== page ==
Bell finishes 10th in Phoenix after Coy Gibbs’ death

AVONDALE, Ariz. (AP) — As Christopher Bell was about to leave for driver introductions, he still wasn’t sure if he would make the NASCAR Cup Series Finals.

Bell and his Joe Gibbs Racing teammates learned hours earlier that team vice president Coy Gibbs, son of NFL and NASCAR Hall of Famer Joe Gibbs, had died in his sleep at age 49.

Not knowing what to do, Bell and the other riders were told by JGR President Dave Alpern that they should keep going and racing despite the overwhelming news.

“It was an experience like I’ve never had in my entire life,” Bell said Sunday at Phoenix Raceway. “At that point you don’t know what’s right and what’s wrong and you don’t know if you should be in the race, the car and the race if you shouldn’t be racing.”

Bell got into the car, finishing 10th after a late crash on pit road cost him a chance to win a championship. He finished third behind champion Joey Logano and Ross Chastain in his first Cup Series qualifier.

His teammate Kyle Busch finished seventh in his last race before leaving for Richard Childress Racing next year. Denny Hamlin was eighth and Martin Truex Jr. 15th.

All four struggled with emotions just to get into their cars.

Joe Gibbs Racing announced on Sunday morning that Coy Gibbs died hours after his son Ty won the Xfinity Series championship to cap off a tumultuous week. Joe Gibbs’ other son, JD, died in 2019 from a degenerative neurological disease. He was also 49 years old.

News of Coy’s death broke shortly before the race, causing shock throughout the paddock.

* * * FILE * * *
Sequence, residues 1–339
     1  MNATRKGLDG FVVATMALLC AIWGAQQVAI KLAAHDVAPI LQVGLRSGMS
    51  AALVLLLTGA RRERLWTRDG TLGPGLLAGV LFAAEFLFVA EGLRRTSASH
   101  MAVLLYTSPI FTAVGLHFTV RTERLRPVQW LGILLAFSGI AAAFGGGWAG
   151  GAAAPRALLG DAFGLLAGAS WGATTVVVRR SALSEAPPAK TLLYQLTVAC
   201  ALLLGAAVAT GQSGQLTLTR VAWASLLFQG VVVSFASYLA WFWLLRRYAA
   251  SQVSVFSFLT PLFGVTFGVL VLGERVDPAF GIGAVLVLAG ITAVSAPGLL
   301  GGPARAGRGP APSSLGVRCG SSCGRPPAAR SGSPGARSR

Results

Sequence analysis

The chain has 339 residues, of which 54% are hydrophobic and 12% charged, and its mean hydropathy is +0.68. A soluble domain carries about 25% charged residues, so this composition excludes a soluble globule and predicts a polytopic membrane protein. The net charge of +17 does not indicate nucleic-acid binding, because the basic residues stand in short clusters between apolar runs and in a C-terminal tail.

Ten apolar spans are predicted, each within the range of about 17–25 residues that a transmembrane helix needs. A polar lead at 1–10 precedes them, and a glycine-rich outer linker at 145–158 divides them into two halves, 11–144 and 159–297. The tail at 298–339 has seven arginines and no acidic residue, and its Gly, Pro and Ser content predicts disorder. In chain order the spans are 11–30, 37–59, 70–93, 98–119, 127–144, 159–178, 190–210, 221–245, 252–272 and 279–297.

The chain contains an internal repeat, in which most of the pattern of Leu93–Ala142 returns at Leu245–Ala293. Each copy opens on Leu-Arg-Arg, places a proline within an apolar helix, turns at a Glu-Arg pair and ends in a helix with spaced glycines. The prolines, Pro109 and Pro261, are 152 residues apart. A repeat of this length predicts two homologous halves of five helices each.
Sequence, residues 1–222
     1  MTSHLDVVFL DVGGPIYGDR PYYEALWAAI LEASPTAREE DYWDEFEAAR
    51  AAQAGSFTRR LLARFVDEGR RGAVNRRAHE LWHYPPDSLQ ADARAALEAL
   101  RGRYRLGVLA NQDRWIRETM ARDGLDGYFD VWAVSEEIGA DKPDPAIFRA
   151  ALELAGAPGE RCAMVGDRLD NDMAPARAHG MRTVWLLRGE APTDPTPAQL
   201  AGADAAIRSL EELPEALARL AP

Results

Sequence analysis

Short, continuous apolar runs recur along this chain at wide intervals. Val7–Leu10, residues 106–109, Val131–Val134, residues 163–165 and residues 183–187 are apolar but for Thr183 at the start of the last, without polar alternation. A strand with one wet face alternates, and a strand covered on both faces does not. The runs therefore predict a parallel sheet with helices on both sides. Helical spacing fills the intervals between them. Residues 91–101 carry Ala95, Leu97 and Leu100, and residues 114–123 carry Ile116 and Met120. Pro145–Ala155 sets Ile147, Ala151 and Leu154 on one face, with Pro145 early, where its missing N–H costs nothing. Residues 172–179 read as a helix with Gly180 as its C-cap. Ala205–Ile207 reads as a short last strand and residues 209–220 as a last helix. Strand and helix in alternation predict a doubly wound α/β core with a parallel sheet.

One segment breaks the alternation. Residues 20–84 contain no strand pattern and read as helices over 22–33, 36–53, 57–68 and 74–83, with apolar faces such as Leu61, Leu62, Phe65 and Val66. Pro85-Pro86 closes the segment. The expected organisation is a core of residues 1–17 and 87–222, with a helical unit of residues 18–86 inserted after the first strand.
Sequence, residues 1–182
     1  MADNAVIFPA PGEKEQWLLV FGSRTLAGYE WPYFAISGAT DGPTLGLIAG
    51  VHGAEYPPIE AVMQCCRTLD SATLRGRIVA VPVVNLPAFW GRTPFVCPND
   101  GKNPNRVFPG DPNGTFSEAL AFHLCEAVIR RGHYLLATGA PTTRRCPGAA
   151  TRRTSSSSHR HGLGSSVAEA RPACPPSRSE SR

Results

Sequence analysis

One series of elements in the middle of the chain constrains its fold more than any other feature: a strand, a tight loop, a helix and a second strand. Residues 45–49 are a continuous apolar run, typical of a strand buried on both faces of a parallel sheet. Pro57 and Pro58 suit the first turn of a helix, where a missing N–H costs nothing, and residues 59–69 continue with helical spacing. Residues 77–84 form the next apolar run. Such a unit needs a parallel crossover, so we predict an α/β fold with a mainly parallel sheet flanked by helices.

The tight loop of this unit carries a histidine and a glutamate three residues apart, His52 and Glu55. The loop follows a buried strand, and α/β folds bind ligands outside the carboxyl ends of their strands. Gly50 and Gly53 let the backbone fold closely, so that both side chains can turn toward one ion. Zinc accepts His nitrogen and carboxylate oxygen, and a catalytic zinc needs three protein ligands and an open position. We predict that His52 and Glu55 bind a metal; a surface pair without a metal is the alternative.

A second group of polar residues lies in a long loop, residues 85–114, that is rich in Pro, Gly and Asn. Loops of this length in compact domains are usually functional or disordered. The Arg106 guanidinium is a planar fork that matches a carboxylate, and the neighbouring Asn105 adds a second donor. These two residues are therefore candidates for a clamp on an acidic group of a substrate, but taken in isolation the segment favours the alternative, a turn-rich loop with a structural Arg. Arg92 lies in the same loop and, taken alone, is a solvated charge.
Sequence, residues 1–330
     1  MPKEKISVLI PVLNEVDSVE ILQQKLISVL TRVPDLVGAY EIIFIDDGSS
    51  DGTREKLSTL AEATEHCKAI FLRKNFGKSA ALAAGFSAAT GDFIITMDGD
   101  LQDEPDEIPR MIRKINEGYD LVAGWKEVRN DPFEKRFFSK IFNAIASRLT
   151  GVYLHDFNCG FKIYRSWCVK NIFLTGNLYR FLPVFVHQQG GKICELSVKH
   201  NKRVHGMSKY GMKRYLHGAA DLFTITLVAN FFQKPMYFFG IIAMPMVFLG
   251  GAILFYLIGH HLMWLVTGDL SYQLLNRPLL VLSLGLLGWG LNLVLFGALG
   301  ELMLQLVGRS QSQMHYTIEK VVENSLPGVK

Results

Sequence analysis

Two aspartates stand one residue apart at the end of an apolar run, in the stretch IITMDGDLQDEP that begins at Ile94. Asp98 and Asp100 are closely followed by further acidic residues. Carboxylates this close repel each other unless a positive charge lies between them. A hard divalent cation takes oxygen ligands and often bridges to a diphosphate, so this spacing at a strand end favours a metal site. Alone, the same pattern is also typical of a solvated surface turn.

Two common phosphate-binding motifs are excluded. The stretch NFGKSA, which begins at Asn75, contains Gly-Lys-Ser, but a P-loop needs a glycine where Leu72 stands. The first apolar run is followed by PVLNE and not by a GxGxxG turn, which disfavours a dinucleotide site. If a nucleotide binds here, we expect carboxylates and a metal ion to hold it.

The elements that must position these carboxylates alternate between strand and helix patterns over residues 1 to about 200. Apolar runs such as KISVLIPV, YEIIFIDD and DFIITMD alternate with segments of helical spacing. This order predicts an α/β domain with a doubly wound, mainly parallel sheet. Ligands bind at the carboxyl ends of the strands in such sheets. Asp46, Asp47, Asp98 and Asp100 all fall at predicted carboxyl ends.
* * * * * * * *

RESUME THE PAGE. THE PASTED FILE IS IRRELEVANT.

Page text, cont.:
Busch cried on pit road ahead of his final race after 15 years with Joe Gibbs Racing. JD’s son Jackson had “Uncle Coy” on his helmet as he worked on the race with the Bell crew.

“Of all the hardships I’ve been through this year, today was definitely the worst, the toughest ever,” Busch said.

Ty Gibbs was scheduled to race in Sunday’s Cup Series race as a replacement for Kurt Busch, who was out with a concussion. JGR tried to find a replacement driver for their replacement driver after news broke of Coy’s death, but it wasn’t easy.

Many Xfinity drivers left after Saturday’s race and JGR had to find someone who could fit in a car set up for the small Gibbs. The team was able to find Daniel Hemric, but he was stuck in traffic off the track and a police escort was needed to get him to the car in time.

“Today we will do what we don’t want to do, but we will come together as a family and run for the name on our chest,” Hamlin tweeted.

Bell earned a berth in the Cup Series playoffs by winning twice when needed. The 27-year-old won in Charlotte on Oct. 9 to advance to the playoffs and won in Martinsville last week to reach the winner’s final.

Bell started 17th in the No. 20 Joe Gibbs Racing Toyota and fought his way to the front on the 1-mile oval. The former dirt runner from Oklahoma was able to stop at the bumper of Joey Logano, the only driver in the last square in front of him, at the end of the race, a possible championship in sight.

Bell’s bid fell apart when one of its crew members got caught changing the left rear tire. The delay cost him 11 places and a title shot, but the news earlier in the day put the disappointment into context.

“An incredible emotional twist and a shift in perspective for sure,” Bell said. “You think it’s the big picture and every time you get news like this you realize it’s a small picture in the grand scheme of things.”


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